Symbiolab 2.0 and Vitaprint Release
A lot has happened in the last past year. With the moving of IRNAS to the new facilities, we also obtained a newer and especially more spacious bio-lab. While the time required to set-up full functionality of the lab space prevented some experimental work, the progress didn’t slow us down at all. Thus, we used the opportunity to take care of important administrative work, registering as a research group at the national agency ARRS and drafting a scientific paper on open-source bioprinting, which has been accepted for publication at the Journal of Open Hardware.
Once the lab was up and running, we continued our research project on mushroom cultivation and concluded it with a research thesis on antimicrobial and antioxidative effects of harvested and cultivated medicinal mushrooms and their mycelia. Simultaneously we upgraded our 3D bioprinter Vitaprint with new, more precise, more powerful extruders with integrated cartridge thermo-regulation and began testing them with “super viscous” gluten pastes with very good results.
The fabrication capabilities of the improved Vitaprint has opened new channels for academic collaboration and has sparked the plan for a joint research project on integrating microextrusion with multiphoton polymerization bioprinting and the fabrication of advanced intestinal tissue models. A consortium of partners from Maribor and Linz has been gathered for the project, including the Institute of Biomedical Sciences (University of Maribor), the Institute of Biomedical Mechatronics (JKU Linz) and the University of Applied Sciences Upper Austria. If the funding application is successful, the project is planned to launch in its full scope in the beginning of 2018. However, we have not been resting and development has already started. We have begun the research and development, modifying the microextrusion bioprinter with laser integration and most recently, we have successfully developed a protocol for the fabrication of free-form microfluidic channels in a biocompatible gelatin matrix. The latter has enormous potential on its own and we are currently refining it to be useful for tissue engineering and regenerative medicine.
Starting off as a link between the GoodEnoughCNC project and the DIY Bio environment, the Vitaprint project has grown substantially and has become the main focus point of our Symbiolab. With the experience and know-how we have gathered about this promising technology, we wish to contribute to its further development, which is progressing rapidly on a global level. And no wonder, as fabricating frameworks for tissues and organs has the potential to shorten waiting lists for transplants, improve drug discovery while simultaneously reduce animal testing, create advanced toxicological and in-vitro illness models, etc. On the other hand, the technology itself is not really new and many devices are already available for purchase. Still, the main challenges, such as vascularization, resolution, broad biocompatibility and adhesion, or cell-growth proportional scaffold degradation, remain to be solved. Especially for soft tissues. A lot of research is currently being invested into the development of bioinks which could address many of these challenges and the multimodal biological requirements often take a toll on printability. We believe that optimizing the fabrication process could bring dramatic improvements to the field and accelerate further development of tissue engineering and regenerative medicine.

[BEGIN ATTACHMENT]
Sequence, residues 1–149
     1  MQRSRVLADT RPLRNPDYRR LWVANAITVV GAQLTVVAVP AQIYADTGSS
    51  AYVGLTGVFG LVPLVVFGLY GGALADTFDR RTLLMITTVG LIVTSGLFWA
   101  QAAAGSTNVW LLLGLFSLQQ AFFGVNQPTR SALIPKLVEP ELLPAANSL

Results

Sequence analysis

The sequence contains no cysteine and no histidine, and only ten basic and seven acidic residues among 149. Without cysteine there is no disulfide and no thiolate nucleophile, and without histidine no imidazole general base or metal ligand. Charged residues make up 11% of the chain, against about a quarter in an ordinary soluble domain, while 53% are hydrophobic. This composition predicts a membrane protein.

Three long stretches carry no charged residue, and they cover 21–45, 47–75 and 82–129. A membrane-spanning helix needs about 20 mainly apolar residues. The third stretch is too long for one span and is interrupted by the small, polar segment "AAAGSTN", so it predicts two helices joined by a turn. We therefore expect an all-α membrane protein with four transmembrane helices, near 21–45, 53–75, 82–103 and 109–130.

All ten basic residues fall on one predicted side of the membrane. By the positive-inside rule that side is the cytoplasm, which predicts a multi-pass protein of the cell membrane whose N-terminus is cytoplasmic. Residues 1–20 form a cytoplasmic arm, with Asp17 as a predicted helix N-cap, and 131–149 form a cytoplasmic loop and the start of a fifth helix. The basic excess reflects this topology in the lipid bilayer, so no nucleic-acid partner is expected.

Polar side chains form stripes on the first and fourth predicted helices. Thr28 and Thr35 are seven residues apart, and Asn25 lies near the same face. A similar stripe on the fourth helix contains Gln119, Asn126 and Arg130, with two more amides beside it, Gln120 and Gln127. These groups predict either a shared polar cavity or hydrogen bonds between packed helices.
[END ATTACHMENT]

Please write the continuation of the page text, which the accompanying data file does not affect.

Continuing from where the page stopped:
This is why we are open-sourcing the full Vitaprint platform - hardware documentation, calibration protocols, fabrication methods, including demo files, all of which can be found on Github and are open for forking and modification.
We will also use the platform as a basis for further development and will offer custom modifications for specialized scientific and industrial solutions. With the R&D experience, the interdisciplinary IRNAS team and the manufacturing capabilities of Fabrikor d.o.o. we cover the whole innovation and deployment process, ranging from assessment of case specific requirements, hardware engineering and customization, 3D biofabrication method development, testing and validation of the developed solutions, manufacturing, as well as know-how transfer, consultancy and support.
With open-source principles in mind, we take advantage of collaborative design for future-proof solutions, over which the user has total ownership. To learn more, visit our new website irnas.eu/vitaprint and feel free to contact us!